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Probing the role of multicellular organization in three-dimensional microenvironments

Nature Methods volume 3, pages 369375 (2006) | Download Citation



Successful application of living cells in regenerative medicine requires an understanding of how tissue structure relates to organ function. There is growing evidence that presentation of extracellular cues in a three-dimensional (3D) context can fundamentally alter cellular responses. Thus, microenvironment studies that previously were limited to adherent two-dimensional (2D) cultures may not be appropriate for many cell types. Here we present a method for the rapid formation of reproducible, high-resolution 3D cellular structures within a photopolymerizable hydrogel using dielectrophoretic forces. We demonstrate the parallel formation of >20,000 cell clusters of precise size and shape within a thin 2-cm2 hydrogel and the maintenance of high cell viability and differentiated cell markers over 2 weeks. By modulating cell-cell interactions in 3D clusters, we present the first evidence that microscale tissue organization regulates bovine articular chondrocyte biosynthesis. This platform permits investigation of tissue architecture in other multicellular processes, from embryogenesis to regeneration to tumorigenesis.

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We acknowledge B. Schumacher for help adapting biochemical assays, S. Khetani, T. Klein, M. Blewis, and M. Voegtline for helpful discussion and for providing materials, K. Jadin for providing imaging code, and J. Elisseeff and K. Anseth for hydrogel assistance. We thank K. Hudson and M. Akiyama for providing hepatocytes, M. Weiss and H. Strick-Marchand for providing BMEL cells, and S. Mittal for fabricating the branching array. Funding was provided by The Whitaker Foundation (D.R.A. fellowship), the US National Science Foundation, the National Institutes of Health, the David and Lucille Packard Foundation and the National Aeronautics and Space Administration.

Author information


  1. Department of Bioengineering, University of California–San Diego, La Jolla, California 92037, USA.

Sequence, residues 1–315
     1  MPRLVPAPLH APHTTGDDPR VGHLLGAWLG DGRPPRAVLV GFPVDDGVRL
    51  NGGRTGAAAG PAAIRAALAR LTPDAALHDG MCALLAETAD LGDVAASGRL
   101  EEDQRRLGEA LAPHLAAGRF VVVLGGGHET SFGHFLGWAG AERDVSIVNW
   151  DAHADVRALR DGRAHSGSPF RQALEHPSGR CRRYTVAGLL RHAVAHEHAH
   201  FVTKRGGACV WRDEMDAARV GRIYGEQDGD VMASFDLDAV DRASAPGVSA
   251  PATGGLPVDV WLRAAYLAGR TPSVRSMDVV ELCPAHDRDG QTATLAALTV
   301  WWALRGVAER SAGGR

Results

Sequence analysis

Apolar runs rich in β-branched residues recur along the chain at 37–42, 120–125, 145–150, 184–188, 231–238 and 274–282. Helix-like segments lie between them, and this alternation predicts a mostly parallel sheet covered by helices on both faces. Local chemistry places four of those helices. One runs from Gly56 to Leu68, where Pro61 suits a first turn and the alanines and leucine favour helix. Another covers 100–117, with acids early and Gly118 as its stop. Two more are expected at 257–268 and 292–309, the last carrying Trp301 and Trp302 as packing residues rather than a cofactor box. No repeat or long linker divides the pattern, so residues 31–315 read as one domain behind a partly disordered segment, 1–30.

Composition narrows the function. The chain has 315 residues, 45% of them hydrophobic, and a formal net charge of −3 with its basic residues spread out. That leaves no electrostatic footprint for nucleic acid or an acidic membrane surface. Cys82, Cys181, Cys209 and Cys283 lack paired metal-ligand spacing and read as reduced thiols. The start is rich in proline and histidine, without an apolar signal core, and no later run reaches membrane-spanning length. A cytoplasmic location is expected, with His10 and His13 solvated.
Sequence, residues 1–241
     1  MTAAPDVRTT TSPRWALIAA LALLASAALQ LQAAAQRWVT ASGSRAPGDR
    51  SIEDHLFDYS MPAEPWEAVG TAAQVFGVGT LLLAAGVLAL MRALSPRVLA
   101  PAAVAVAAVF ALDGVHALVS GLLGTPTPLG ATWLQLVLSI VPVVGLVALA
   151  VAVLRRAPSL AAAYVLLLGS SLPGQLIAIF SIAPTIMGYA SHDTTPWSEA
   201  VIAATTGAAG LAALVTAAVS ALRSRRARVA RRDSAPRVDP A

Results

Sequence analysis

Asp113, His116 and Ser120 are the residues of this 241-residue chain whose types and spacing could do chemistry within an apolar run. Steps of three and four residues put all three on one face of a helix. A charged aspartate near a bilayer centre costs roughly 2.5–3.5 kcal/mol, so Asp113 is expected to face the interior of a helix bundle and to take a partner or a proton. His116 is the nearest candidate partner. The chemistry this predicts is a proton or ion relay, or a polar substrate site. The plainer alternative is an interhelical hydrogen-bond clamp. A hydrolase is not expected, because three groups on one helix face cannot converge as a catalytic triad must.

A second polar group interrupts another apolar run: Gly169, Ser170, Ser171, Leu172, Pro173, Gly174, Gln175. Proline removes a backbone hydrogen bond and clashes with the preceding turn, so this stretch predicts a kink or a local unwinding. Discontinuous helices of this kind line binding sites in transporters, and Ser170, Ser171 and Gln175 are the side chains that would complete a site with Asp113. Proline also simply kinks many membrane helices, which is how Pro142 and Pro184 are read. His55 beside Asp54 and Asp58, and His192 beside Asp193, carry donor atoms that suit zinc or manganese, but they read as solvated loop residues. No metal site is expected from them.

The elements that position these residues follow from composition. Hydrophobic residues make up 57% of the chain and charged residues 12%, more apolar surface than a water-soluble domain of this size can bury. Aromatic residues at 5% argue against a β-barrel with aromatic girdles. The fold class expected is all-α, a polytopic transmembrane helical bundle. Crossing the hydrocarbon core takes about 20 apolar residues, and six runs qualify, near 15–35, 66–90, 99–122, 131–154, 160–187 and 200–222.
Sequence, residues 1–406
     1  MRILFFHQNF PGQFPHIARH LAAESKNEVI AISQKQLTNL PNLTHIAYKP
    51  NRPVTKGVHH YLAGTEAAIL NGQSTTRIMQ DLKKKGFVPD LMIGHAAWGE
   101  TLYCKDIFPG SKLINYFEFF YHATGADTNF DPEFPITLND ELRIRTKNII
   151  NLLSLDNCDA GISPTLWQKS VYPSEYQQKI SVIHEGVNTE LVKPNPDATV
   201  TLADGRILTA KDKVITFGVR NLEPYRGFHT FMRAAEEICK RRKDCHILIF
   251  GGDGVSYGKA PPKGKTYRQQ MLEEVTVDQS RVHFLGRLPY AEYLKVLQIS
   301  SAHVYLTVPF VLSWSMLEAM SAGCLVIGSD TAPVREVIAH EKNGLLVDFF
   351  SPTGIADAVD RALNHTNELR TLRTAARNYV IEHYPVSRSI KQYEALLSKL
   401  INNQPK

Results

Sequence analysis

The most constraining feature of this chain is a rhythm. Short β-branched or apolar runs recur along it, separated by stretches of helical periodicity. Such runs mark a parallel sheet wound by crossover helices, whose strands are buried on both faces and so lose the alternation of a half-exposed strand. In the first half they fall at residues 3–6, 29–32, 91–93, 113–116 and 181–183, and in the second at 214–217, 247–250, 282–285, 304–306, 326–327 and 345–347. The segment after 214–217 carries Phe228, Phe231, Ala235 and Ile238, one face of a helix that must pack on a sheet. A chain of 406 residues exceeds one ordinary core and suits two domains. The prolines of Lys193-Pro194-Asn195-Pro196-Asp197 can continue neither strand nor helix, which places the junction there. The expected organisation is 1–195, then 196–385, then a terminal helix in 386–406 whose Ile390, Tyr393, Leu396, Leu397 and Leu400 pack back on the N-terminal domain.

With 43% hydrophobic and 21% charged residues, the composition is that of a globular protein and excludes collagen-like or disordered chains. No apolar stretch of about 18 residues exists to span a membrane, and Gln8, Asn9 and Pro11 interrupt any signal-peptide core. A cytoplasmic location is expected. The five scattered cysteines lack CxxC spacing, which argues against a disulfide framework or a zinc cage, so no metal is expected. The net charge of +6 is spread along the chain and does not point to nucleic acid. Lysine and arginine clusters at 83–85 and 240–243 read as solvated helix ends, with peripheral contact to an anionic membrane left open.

• Dirk R Albrecht
    • , Gregory H Underhill
    • , Travis B Wassermann
    • , Robert L Sah
    •  & Sangeeta N Bhatia
  2. Harvard–Massachusetts Institute of Technology Division of Health Sciences and Technology & Electrical Engineering and Computer Science, Massachusetts Institute of Technology, Cambridge, Massachusetts 02139, USA.

    • Dirk R Albrecht
    • , Gregory H Underhill
    •  & Sangeeta N Bhatia
  3. Brigham and Women's Hospital, Boston, Massachusetts 02115, USA.

    • Sangeeta N Bhatia


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Competing interests

The authors declare no competing financial interests.

Corresponding author

Correspondence to Sangeeta N Bhatia.

Supplementary information

PDF files

  1. 1.

    Supplementary Fig. 1

    DEP micropatterning of cells and microspheres

  2. 2.

    Supplementary Fig. 2

    Cell-cell forces in electric fields

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    Supplementary Fig. 3

    Frequency dependence of relative DEP force and induced transmembrane voltage during DEP electropatterning

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    Supplementary Fig. 4

    Fate of hydrogel-embedded chondrocytes over 14 days

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    Supplementary Fig. 5

    Minimum separation distance between adjacent cells in patterned hydrogels

  6. 6.

    Supplementary Methods


  1. 1.

    Supplementary Video 1

    DEP micropatterning of living cells. This movie shows the simultaneous organization of fibroblasts within a 15% (wt/vol) PEG-DA polymer solution (viscosity: 3.3 cP), from an initially random field to an array of cell clusters. An a.c. bias of 3.0 Vrms, 3.0 MHz is applied at the onset of particle motion and remains for the duration of the movie. Under these conditions, cells aggregate by +DEP to high electric field strength at the electrodes. Elapsed time is displayed in seconds, indicating 10x real time playback and 60 s total patterning time. Electrodes are 100 μm apart.

  2. 2.

    Supplementary Video 2

    Simultaneous separation and micropatterning of cells and microspheres. This movie shows the separation and simultaneous patterning of 9.7 μm diameter polystyrene (PS) microspheres (dark border) and NIH 3T3 fibroblasts from a heterogeneous suspension. An a.c. bias of 5.3 Vrms, 3.0 MHz is applied at the onset of particle motion and remains for the duration of the movie. Under these conditions, cells aggregate by +DEP to high electric field strength at the electrodes. In contrast, microspheres pattern by −DEP to areas of low field strength, because PS has lower permittivity and conductivity than the medium. Elapsed time is displayed in seconds, indicating 4x real time playback and 20 s total patterning time. Electrodes are 100 μm apart.

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